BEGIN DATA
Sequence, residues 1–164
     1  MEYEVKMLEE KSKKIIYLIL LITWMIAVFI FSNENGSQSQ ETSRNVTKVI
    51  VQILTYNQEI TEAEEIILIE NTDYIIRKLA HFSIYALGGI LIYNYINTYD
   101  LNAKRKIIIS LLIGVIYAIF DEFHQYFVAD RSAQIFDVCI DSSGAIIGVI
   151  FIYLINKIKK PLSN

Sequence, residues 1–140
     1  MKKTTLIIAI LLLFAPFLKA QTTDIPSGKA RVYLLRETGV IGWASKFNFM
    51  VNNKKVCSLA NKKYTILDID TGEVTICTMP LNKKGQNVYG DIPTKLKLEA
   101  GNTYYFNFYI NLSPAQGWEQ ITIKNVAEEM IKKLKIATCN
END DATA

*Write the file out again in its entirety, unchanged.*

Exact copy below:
Sequence, residues 1–164
     1  MEYEVKMLEE KSKKIIYLIL LITWMIAVFI FSNENGSQSQ ETSRNVTKVI
    51  VQILTYNQEI TEAEEIILIE NTDYIIRKLA HFSIYALGGI LIYNYINTYD
   101  LNAKRKIIIS LLIGVIYAIF DEFHQYFVAD RSAQIFDVCI DSSGAIIGVI
   151  FIYLINKIKK PLSN

Sequence, residues 1–140
     1  MKKTTLIIAI LLLFAPFLKA QTTDIPSGKA RVYLLRETGV IGWASKFNFM
    51  VNNKKVCSLA NKKYTILDID TGEVTICTMP LNKKGQNVYG DIPTKLKLEA
   101  GNTYYFNFYI NLSPAQGWEQ ITIKNVAEEM IKKLKIATCN